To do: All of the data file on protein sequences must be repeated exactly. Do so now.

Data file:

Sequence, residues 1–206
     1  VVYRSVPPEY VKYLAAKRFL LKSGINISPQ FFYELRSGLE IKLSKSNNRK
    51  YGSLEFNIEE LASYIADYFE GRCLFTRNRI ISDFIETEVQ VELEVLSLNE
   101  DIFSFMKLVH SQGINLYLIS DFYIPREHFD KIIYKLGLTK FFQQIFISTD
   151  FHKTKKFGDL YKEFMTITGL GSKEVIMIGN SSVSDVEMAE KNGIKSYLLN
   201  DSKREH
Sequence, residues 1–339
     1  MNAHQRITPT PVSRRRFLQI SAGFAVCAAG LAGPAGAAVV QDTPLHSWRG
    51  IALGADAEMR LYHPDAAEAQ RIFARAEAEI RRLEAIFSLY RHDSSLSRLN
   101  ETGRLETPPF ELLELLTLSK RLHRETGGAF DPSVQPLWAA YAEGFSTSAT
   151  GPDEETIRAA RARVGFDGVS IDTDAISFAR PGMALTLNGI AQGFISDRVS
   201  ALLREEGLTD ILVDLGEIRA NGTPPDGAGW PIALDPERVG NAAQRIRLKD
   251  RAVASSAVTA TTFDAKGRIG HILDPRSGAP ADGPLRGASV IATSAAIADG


Sequence, residues 1–206
     1  VVYRSVPPEY VKYLAAKRFL LKSGINISPQ FFYELRSGLE IKLSKSNNRK
    51  YGSLEFNIEE LASYIADYFE GRCLFTRNRI ISDFIETEVQ VELEVLSLNE
   101  DIFSFMKLVH SQGINLYLIS DFYIPREHFD KIIYKLGLTK FFQQIFISTD
   151  FHKTKKFGDL YKEFMTITGL GSKEVIMIGN SSVSDVEMAE KNGIKSYLLN
   201  DSKREH
Sequence, residues 1–339
     1  MNAHQRITPT PVSRRRFLQI SAGFAVCAAG LAGPAGAAVV QDTPLHSWRG
    51  IALGADAEMR LYHPDAAEAQ RIFARAEAEI RRLEAIFSLY RHDSSLSRLN
   101  ETGRLETPPF ELLELLTLSK RLHRETGGAF DPSVQPLWAA YAEGFSTSAT
   151  GPDEETIRAA RARVGFDGVS IDTDAISFAR PGMALTLNGI AQGFISDRVS
   201  ALLREEGLTD ILVDLGEIRA NGTPPDGAGW PIALDPERVG NAAQRIRLKD
   251  RAVASSAVTA TTFDAKGRIG HILDPRSGAP ADGPLRGASV IATSAAIADG